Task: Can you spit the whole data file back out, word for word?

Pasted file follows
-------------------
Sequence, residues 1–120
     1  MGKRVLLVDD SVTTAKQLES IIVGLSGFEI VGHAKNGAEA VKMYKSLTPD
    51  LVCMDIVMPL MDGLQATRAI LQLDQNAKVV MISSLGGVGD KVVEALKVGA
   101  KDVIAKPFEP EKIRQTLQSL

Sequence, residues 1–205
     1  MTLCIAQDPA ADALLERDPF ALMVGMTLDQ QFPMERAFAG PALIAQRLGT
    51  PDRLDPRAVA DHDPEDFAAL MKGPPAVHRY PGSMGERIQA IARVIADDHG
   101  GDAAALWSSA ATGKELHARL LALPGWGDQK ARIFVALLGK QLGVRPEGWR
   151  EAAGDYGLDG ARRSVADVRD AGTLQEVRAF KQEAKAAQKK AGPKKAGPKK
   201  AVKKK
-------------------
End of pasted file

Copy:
Sequence, residues 1–120
     1  MGKRVLLVDD SVTTAKQLES IIVGLSGFEI VGHAKNGAEA VKMYKSLTPD
    51  LVCMDIVMPL MDGLQATRAI LQLDQNAKVV MISSLGGVGD KVVEALKVGA
   101  KDVIAKPFEP EKIRQTLQSL

Sequence, residues 1–205
     1  MTLCIAQDPA ADALLERDPF ALMVGMTLDQ QFPMERAFAG PALIAQRLGT
    51  PDRLDPRAVA DHDPEDFAAL MKGPPAVHRY PGSMGERIQA IARVIADDHG
   101  GDAAALWSSA ATGKELHARL LALPGWGDQK ARIFVALLGK QLGVRPEGWR
   151  EAAGDYGLDG ARRSVADVRD AGTLQEVRAF KQEAKAAQKK AGPKKAGPKK
   201  AVKKK